crabjoe

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Lol. Yes I made the same mistake, and learned from it!!
This second go round I really changed things up and it seems to be paying off but I wont really know until I sample some of the grapes this year and see..
I still made a mistake this year and that was ending my spray routine a bit too early and having some downy mildew set in.
But if you want to give it a go again, I have a soil sampler and can pull a couple of cores for you to get an idea of your ground and what rootstock you should try.
Are you a red or white wine guy??
I'm an any kind of wine guy, but generally I tend to drink whites. For me, growing grapes is more of a learning thing. The goal is to be able to make wine, from start to finish with grapes I grew.

So far, this is what I know. A vine on average produces 10lbs of grapes. I need the vines on root stock, so no cuttings. Pruning is 6 out and 3 up. Must spray on almost a weekly bases and the best way to know what to spray is to subscribe to an email distro, I think it was Va Tech, because they state what they're spraying and why, and we're aprox a week behind.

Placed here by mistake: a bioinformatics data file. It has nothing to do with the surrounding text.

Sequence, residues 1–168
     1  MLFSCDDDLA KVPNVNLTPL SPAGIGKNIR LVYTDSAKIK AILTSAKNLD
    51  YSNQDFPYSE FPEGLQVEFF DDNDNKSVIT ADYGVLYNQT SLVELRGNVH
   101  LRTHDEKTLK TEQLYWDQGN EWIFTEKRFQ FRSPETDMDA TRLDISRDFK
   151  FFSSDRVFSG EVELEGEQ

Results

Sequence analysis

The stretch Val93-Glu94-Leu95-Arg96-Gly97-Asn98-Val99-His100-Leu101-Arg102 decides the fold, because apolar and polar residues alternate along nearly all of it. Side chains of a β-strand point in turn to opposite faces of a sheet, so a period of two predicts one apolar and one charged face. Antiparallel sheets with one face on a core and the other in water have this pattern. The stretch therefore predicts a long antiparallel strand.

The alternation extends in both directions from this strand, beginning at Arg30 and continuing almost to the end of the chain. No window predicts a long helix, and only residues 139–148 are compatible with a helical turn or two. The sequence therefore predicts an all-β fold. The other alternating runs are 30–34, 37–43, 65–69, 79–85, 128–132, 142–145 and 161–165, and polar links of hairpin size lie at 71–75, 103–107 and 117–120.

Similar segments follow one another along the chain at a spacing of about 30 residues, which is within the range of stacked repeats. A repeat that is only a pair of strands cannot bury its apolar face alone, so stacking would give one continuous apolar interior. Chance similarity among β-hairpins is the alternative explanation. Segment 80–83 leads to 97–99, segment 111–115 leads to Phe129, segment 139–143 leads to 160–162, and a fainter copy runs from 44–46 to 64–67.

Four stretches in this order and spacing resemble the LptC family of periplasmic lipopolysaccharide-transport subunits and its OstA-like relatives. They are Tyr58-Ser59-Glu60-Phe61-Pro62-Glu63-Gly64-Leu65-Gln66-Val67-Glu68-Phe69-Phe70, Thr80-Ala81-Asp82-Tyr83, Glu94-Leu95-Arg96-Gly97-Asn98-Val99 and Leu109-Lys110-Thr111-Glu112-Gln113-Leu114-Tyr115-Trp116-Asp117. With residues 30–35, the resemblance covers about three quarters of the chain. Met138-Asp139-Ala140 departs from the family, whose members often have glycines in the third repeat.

This years plan is to try and get some 1st hand experience with experienced growers, then hopefully I'll be ready in the fall to order some vines for next Spring.

Thanks for the offer on soil sampling, but for now, I just need knowledge and hands on work (training).
 

bshef

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Pruning is not as simple as 6 out and 3 up. The first year is back to two buds, the second year you train the trunk, third year you decide if you are spur or cane pruning or a combination. The variety determines the best pruning method and each vine is an individual. Proper pruning is crucial for grape production. Take some classes through a program or through the Maryland vineyard association. There is a LOT to learn and growing is a full time job.